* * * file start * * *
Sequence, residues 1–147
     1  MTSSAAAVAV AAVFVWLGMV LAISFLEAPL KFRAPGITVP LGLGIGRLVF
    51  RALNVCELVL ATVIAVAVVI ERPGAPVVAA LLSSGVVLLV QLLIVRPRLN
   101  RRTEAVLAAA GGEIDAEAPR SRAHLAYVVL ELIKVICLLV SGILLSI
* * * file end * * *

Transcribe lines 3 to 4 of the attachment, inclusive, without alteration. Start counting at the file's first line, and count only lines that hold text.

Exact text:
    51  RALNVCELVL ATVIAVAVVI ERPGAPVVAA LLSSGVVLLV QLLIVRPRLN
   101  RRTEAVLAAA GGEIDAEAPR SRAHLAYVVL ELIKVICLLV SGILLSI